This is rightly a joint Anglo-American celebration. I have to say the Americans have seized the opportunity to show what they owe to Magna Carta with greater enthusiasm than anything so far evident on this side of the Atlantic. The Law Library of Congress will display a later revision of the Great Charter sent from England. Another copy will go to the Houston Museum of Natural Science in Texas, where over a million people are expected to see it. Parliament will have nothing to match that. Yes, certainly there will be events in Parliament Square, a parliamentary education centre if the money can be found, and the annual Parliament Week with its own programme of events, which are all well and good.
But I submit we need to do more, a lot more, to raise public interest and alert the nation to the significance of what happened 800 years ago.
As things stand, my concerns and my fears are that we shall lose a once-in-a-century opportunity to proclaim Parliament’s seminal role in the advancement and protection of Magna Carta’s most basic principles. In many parts of the world, they are still revolutionary principles. Billions of people are denied their basic human rights. Let us rekindle their hope by showing them that change is possible and democracy works.
Let us not forget either that 2015 is the 750th anniversary of Simon de Montfort’s Parliament—another Baron who confronted an over-mighty executive. Let us remember also the monarchy’s role in all this.
The Queen is patron of the Magna Carta Trust, which oversees the celebrations. The monarch is sovereign because the Crown is constitutional. That seed was also sown in 1215 and the monarchy is stronger than ever before.
Previous efforts to involve Parliament more closely have got nowhere. Last December, the noble Lord, Lord Mitchell, asked what plans the Government had for the anniversary. He offered a brilliant idea. He suggested that the four original copies of the charter should be exhibited together for the first time, perhaps in Westminster Hall. The noble Lord, Lord McNally, replied for the Government at that time. “That’s a very good suggestion”, he said. He was sure the organising committee would welcome it. I regret to say they did not and I hope very much they will reconsider. Let there be no doubt about it: the original copies of the charter should be here in Westminster Hall. I will tell you something: if I were still wearing the robes of Speaker of the Commons, I would ask for a joint session of both Houses of Parliament in Westminster Hall to celebrate the anniversary, with at least one of the original charters as its centrepiece. The British Library could surely spare one of its two originals for just one day. We have held joint sessions in Westminster Hall for royal occasions and visiting leaders. What I propose would be no less memorable. I believe the whole world should see Magna Carta honoured where it truly belongs: in the heart of our democracy.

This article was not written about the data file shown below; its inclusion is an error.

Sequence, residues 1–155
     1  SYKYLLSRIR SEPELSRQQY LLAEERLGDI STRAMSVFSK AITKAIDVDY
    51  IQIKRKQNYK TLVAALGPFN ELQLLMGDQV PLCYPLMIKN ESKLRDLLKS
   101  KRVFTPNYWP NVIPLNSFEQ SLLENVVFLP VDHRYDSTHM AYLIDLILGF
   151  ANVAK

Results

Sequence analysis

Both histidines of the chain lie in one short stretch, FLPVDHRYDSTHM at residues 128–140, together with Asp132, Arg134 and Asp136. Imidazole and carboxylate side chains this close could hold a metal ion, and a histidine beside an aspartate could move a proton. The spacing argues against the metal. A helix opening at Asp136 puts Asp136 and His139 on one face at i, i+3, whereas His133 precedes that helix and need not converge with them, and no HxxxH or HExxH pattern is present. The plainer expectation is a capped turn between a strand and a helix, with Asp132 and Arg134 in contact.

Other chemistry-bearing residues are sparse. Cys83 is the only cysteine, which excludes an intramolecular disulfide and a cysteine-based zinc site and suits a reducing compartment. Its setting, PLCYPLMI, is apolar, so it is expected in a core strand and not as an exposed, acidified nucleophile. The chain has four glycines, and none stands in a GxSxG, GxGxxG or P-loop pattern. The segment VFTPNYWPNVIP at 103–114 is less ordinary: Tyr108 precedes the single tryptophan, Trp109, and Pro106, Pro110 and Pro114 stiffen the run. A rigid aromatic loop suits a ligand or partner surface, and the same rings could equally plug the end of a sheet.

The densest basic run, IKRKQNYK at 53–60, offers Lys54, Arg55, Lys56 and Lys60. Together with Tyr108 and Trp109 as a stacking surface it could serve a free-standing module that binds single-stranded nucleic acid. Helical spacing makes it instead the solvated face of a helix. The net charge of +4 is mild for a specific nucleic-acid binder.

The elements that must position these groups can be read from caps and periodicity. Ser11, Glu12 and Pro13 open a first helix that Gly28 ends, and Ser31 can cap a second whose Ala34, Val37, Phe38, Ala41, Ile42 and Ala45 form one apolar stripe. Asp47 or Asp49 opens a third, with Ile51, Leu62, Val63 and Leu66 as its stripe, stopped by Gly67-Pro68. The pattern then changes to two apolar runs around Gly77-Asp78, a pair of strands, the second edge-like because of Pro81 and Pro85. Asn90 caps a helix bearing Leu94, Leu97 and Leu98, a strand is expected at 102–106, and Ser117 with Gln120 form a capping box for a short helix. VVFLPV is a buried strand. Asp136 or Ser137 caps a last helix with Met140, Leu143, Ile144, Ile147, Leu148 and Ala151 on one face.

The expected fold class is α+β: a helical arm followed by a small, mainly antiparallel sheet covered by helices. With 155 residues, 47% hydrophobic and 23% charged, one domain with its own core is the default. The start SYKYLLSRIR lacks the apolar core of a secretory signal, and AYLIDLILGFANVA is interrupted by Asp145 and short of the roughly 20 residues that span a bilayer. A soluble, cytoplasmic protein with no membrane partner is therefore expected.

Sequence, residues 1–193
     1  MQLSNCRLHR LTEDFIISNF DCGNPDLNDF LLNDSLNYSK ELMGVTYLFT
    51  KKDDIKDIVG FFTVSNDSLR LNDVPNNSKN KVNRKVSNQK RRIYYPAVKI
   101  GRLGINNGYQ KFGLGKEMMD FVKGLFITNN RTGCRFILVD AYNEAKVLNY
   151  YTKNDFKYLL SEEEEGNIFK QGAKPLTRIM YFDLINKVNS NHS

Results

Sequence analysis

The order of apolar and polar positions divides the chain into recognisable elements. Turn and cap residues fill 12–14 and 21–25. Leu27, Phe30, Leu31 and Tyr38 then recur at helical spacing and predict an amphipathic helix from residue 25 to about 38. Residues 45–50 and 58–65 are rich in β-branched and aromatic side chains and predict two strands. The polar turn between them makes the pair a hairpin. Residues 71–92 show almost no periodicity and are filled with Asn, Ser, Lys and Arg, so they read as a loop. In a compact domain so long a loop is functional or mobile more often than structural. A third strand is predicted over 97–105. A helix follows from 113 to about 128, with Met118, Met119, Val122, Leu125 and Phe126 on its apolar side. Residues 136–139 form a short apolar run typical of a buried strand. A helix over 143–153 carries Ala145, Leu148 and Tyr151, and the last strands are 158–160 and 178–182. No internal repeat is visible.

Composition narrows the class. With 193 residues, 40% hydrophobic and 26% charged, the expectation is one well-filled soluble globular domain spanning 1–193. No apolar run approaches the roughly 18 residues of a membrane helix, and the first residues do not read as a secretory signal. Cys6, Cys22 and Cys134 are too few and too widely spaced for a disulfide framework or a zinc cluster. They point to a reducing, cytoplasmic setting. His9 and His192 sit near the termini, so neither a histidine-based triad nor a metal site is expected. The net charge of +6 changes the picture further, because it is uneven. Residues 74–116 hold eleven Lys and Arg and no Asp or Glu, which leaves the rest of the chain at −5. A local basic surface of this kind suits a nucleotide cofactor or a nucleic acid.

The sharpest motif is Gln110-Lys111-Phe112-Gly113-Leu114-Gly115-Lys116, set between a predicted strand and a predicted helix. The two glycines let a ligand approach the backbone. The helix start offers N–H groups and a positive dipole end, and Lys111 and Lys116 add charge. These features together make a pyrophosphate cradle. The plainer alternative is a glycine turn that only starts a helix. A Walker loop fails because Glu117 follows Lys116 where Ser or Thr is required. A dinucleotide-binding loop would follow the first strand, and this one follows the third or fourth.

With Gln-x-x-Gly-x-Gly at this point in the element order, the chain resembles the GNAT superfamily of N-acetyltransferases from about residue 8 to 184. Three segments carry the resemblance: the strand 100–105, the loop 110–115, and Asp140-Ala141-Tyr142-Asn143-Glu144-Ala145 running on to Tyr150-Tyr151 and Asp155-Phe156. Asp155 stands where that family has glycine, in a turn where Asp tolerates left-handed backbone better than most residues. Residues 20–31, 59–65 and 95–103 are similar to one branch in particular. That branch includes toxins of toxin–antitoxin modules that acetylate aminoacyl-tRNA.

I am delighted to see my colleague, the noble Lord, Lord Elystan-Morgan, in his place this afternoon. When this question was first raised in this House, he said: “Magna Carta … remains one of the most noble documents of human history”.—[Official Report, 17/12/12; col. 1335.]
He was right. Let us rededicate ourselves to its principles in a manner that befits this Parliament and safeguards its most precious rights.